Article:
Sebastian Vettel and Mark Webber have long been intense rivals at world champions Red Bull, but now it seems Formula One’s most high-profile rivalry has erupted again after a spell of dormancy.
As with most volcanic activity there is heat, poisonous smoke, and a history of violent eruptions – a perfect metaphor for the Vettel/Webber rivalry.
The compelling Malaysian Grand Prix was the latest explosion where Vettel, who was mindful of the 25-point advantage he would gain over title rival Fernando Alonso following the Spaniard’s early retirement, overtook Webber in a gripping wheel-to-wheel contest with just over ten laps remaining.
Webber had twice been assured by the team that the win was his. This resulted after a team meeting on race day which stipulated that the driver in front after the final pit stop would pull rank over the other. Vettel seemingly ignored that discussion.
Instead he showed a hunger which threatened to destroy the team’s 1-2 position in the race to pass Webber for the victory and incur the wrath of the Australian and, on the surface at least, his team.
The fight between them has intensified in recent seasons, as reigning world champion Vettel has romped to three consecutive drivers’ titles with Red Bull claiming successive constructors’ crowns in the same period.
It is, without question, the German’s team – and how Webber detests that fact.
Red Bull veteran Webber and Vettel first clashed when the then 20-year-old German, driving for sister team Toro Rosso in his debut season in F1, smashed into the Australian under safety car conditions in the 2007 Japanese Grand Prix at Fuji.
Webber had been second at the time with Red Bull (a small team back then) primed for a hugely valuable podium.
Vettel was third in his slower Toro Rosso in monsoon-like conditions, and was caught out by leader Lewis Hamilton’s erratic driving behind the safety car, embarrassingly clouting Webber from behind and ending both their races.
It prompted Webber to say in a post-race interview to ITV that, “It’s kids isn’t it, kids with not enough experience. You do a good job and then they fuck it all up.”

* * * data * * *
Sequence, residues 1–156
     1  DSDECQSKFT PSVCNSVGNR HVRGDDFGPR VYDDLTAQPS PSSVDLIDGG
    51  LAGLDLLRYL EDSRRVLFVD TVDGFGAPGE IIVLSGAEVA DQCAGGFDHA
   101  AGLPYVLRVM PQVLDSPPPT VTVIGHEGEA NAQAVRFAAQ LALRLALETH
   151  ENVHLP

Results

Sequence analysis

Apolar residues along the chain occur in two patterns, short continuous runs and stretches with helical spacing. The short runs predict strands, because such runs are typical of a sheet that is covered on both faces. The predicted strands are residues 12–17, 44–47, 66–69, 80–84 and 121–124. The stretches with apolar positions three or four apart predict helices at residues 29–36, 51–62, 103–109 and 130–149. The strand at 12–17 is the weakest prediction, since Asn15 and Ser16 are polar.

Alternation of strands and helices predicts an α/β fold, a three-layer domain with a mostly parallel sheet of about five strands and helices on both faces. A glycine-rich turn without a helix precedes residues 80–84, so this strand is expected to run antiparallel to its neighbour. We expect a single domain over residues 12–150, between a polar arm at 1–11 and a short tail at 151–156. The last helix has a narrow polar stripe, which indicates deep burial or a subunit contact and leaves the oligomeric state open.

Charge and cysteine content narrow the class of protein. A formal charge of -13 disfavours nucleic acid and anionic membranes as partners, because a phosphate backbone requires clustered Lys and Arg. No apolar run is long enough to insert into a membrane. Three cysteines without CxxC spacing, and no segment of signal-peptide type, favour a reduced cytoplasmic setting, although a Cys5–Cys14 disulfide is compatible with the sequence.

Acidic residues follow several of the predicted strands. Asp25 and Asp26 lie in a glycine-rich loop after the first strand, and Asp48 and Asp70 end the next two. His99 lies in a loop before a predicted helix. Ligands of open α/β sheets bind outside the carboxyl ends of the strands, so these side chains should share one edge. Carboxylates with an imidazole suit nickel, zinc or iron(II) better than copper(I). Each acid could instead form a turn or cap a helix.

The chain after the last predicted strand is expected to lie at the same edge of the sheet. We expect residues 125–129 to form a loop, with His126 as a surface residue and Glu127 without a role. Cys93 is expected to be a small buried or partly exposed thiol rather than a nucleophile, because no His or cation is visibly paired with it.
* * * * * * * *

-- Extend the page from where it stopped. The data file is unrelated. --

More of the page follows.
The straight-talking Webber later criticised Hamilton, also in his debut season, for his “shit” driving behind the safety car.
Webber was hurt by the incident, and three years later those old wounds were to be opened again – in even more dramatic fashion.
Now team-mates at Red Bull, Webber and Vettel were pushing hard for a win in the 2010 Turkish GP under increasing pressure from the McLaren duo of Hamilton and Jenson Button.
With Vettel getting a tow on the long back straight he swept to the left of Webber, drew alongside and then veered across him before the braking phase into the following hairpin, causing a high-speed crash which punctured his tyre and forced Webber to stop for a new front wing.
The gleeful McLarens took a straightforward 1-2 while Webber took third with Vettel retiring from the race with irreparable damage. Team boss Christian Horner and chief designer Adrian Newey were in utter despair after that inter-team crash, but another incident was shortly in the offing.
In trying to reassure Webber that Vettel was not their favoured driver, Red Bull gave the Australian an updated front wing for the British GP later in the season.
Only one model of the front wing was built but, when Vettel damaged his old-spec wing, Red Bull took the decision to take it off Webber’s car and give it to Vettel.
It was a call that served to infuriate the Australian, but he would have the last laugh as he romped to a superb victory before relaying the infamous “not bad for a number two driver” message to his team on the cool-down lap.
The spotlight was firmly on the duo’s battle and in the season-ending race in Abu Dhabi the conspiracy theorists were again out in force.
Webber entered the race behind leader Alonso in the standings, with Vettel in fourth and also within reach of the title, but he had qualified poorly and showed a lack of race pace.
Red Bull decided to use the slow Webber as a decoy to fool Alonso’s Ferrari team into covering his every move – and after a tactical pit stop they resumed in traffic on a track with notorious overtaking difficulties.
Vettel sailed off into the distance and took the title from Alonso – and Webber.
Few could have argued that Red Bull had nailed Vettel’s colours to its mast that season, and the old war resurfaced in the 2011 British GP when Webber, eagerly chasing the German down, was told to “maintain the gap” to Vettel in second.
Webber ignored those veiled orders, in much the same way as Vettel did today, and continued to race his colleague to the final lap.
By now the Australian seemed determined to race for himself, utterly disgusted by Red Bull’s favouritism towards Vettel beneath their public affirmations of neutrality.
Vettel went on to take the title with four races remaining, and later took his third drivers’ crown at Brazil in 2012 – but with little help from Webber.
Vettel collided with Bruno Senna on the first lap and worked his way up to take sixth – a position good enough to deny Alonso the title – but later said that Webber did little to help him.
It has been alleged that the incident in Malaysia today was revenge for that perceived lack of help, but the fact remains that Webber has backed off at the team’s behest to conserve Vettel’s superior racing positions on numerous occasions over the past few seasons.
With Webber’s past obedience to such orders in mind, Vettel’s overtake will sicken Webber further.
Will the Australian enter into a similar situation with no trust of his team-mate and look for retaliation? Will their rivalry spiral into another catastrophic crash? And can Red Bull regain control and authority over their drivers?
All these questions remain unanswered, but for now the focus will be on Formula One’s most captivating rivalry and the tremors that will continue to rumble from Mt. Red Bull in the coming weeks.